The Financial Reform Bill that is currently in the process of being merged by the House and Senate risks being a near abrogation of our government's responsibility to reform the financial industry. It appears, as presently crafted, that the financial industry will continue to present systemic risk to our economy. Wall Street lobbyists, sympathetic and beholden lawmakers, and their media allies (please see "the New York Times' Whitewash of Goldman Sachs") are, according to a report in the New York Times, "pushing to undercut a central pillar of the legislation known as the Volcker Rule." The fate of changes that would water down the bill will be subject to intense negotiations being held this week, negotiations that already have the support of Senator Christopher J. Dodd and Representative Barney Frank, chairs of the Senate and House committees respectfully.
The full weight of all that Wall Street can muster -- money, influence and rote power -- is being activated at a fevered pitch to do away with any serious and substantive change that would negatively impact the money-making machines that have now become the core mission of Wall Street and its bank holding companies. It is a mission oblivious to the risk it presents to the nation's financial infrastructure. It is a financial industry that has become dangerously reliant, irrespective of risk or cost to the economy, to the gambling pit. This from an industry that once was the core of the financial system, nurturing the nation's industries and investments and through which the nation built a sound, enterprising and enviable economic destiny.
The arrogance of the major Wall Street players and their self perception of control over the workings of the nation's Congress is stunning. They are absolutely confident that they will either defeat or emasculate the core provisions of the bill, which is meant to terminate their investment in hedge funds, private equity firms and most significantly in proprietary trading -- that is speculatively risky trading for their own account, trading not only with the banking system's resources and guarantees, that simultaneously and too frequently increase the prices of commodities being traded and in turn that of consumer end products (Please see "As Banks Win, We Lose Twice: The Urgent Need For a Tough Volcker Rule")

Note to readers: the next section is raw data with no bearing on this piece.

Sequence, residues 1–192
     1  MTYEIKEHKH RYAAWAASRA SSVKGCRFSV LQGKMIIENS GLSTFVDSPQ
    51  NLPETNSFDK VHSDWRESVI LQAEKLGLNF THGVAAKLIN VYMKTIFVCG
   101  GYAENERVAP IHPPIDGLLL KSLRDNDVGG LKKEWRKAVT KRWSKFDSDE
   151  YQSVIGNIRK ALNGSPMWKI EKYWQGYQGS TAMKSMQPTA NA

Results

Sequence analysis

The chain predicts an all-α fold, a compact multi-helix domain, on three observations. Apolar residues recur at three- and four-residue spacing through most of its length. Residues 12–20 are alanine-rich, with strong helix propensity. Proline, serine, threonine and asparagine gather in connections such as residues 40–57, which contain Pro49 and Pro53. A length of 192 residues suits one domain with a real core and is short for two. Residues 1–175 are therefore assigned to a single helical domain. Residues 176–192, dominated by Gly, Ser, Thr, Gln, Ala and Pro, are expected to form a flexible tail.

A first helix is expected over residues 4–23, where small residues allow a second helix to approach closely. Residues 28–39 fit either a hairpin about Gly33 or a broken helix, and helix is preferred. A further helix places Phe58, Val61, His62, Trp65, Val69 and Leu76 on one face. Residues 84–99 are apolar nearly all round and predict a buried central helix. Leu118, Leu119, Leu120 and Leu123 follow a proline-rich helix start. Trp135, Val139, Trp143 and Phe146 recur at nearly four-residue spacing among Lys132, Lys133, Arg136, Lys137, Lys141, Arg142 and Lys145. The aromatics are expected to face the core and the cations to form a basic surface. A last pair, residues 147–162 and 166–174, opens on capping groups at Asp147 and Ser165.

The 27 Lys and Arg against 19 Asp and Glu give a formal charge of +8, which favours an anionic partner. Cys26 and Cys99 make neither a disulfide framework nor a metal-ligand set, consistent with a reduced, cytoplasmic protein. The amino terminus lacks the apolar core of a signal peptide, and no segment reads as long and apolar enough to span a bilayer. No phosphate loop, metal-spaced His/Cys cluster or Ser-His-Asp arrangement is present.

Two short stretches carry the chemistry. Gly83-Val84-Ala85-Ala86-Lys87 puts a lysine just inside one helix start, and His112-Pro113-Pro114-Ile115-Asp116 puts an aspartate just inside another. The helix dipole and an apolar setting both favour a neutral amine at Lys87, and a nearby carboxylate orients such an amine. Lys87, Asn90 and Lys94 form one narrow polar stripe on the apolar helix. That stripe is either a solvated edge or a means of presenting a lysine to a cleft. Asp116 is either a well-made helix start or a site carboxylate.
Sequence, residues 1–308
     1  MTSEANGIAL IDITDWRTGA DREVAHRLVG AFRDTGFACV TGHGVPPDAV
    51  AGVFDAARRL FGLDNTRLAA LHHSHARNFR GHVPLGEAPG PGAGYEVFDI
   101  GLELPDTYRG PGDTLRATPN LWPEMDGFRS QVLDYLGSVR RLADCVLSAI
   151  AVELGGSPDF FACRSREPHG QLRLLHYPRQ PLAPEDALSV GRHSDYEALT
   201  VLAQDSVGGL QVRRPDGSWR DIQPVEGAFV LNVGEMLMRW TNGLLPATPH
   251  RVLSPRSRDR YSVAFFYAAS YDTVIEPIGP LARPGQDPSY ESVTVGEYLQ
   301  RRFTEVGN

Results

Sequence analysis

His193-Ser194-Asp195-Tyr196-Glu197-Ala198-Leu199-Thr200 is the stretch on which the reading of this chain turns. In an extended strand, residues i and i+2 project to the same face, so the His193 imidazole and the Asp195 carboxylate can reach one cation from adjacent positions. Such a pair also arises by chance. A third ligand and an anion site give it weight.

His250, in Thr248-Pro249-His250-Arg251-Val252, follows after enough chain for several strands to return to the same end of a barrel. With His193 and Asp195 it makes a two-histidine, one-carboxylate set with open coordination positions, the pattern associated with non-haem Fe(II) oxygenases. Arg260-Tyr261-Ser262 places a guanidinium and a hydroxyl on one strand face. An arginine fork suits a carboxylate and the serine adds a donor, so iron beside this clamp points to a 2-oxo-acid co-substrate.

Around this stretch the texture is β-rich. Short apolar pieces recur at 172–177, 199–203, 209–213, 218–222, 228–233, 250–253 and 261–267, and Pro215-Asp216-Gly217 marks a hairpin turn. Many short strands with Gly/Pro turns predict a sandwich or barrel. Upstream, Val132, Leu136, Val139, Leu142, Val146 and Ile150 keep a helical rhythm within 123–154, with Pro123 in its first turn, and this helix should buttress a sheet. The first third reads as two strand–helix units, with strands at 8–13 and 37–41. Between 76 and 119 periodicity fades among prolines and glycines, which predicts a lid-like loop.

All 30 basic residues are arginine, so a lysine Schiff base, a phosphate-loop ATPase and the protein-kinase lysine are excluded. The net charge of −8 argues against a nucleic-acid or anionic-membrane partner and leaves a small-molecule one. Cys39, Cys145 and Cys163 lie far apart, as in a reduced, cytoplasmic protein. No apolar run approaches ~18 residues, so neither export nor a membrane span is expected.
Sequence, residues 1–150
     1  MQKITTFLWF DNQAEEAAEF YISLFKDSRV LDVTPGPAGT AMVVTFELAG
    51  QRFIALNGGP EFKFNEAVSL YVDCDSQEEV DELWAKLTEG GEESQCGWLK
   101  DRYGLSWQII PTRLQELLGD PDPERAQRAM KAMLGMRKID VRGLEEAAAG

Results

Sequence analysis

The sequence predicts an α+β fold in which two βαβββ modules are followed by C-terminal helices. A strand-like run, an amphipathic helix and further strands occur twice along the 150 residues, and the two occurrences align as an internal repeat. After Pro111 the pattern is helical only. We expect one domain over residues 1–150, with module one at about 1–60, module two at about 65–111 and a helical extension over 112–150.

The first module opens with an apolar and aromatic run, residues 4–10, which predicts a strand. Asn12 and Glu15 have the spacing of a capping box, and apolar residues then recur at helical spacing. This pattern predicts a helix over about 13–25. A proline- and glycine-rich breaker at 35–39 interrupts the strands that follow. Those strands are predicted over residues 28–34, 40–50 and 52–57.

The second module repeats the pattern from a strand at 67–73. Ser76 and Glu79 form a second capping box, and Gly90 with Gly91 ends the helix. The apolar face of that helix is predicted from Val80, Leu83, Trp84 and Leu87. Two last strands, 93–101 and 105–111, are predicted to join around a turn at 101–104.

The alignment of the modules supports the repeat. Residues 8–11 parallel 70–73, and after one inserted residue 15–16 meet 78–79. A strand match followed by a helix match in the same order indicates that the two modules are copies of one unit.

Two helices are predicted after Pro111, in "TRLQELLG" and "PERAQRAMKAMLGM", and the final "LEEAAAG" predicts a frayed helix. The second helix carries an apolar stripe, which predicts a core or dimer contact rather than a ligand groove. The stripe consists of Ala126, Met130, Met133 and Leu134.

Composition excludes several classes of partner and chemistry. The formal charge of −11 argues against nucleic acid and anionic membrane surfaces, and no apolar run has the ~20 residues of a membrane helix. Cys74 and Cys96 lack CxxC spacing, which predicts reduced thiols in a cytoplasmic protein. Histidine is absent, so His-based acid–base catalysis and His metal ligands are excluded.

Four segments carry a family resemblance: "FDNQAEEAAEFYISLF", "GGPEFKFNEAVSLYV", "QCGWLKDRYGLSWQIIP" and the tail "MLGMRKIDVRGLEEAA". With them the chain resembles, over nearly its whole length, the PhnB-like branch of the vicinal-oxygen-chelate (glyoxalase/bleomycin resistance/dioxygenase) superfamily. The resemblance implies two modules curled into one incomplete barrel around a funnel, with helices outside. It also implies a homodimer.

Their confidence is such that concurrent to the ongoing negotiations between House and Senate they have made extensive commitments that fly in the face of the core provisions of the bill as initially construed, and well before it has landed on President Obama's desk for signature. They have made extensive commitments toward extending their reach in proprietary trading and private equity funds. For example:
The banks are also calling for a seven year delay before any substantive changes are to be implemented. They would have us believe that taking naked trading positions on oil, natural gas, copper, wheat, corn -- in which the banks are not "commercials" (that is to say, in which they have no interest other than playing casino) -- could not be stopped by halting the next trade, today.
The anger throughout the land at the conduct of Wall Street for their own profit and at the nation's expense is palpable. The Financial Reform Bill, in a sense, has become a litmus test as to whether we still have a government by and for the people or simply a runaway entity responsive only to special interests. Better by far that we have no Financial Reform Bill than a bill promising financial reform with no teeth nor an element of seriousness. The country is not in a mood to be taken on this issue.
President Obama could set the tone, not only on Financial Reform but in large measure of his presidency if he would make it fully clear that if a compromised, ineffective, watered down bill lands on his desk he will veto it. Certainly the nation would feel that they regained a government responsive to them, and even if no bill is passed at this time, at least they have not been held as fools.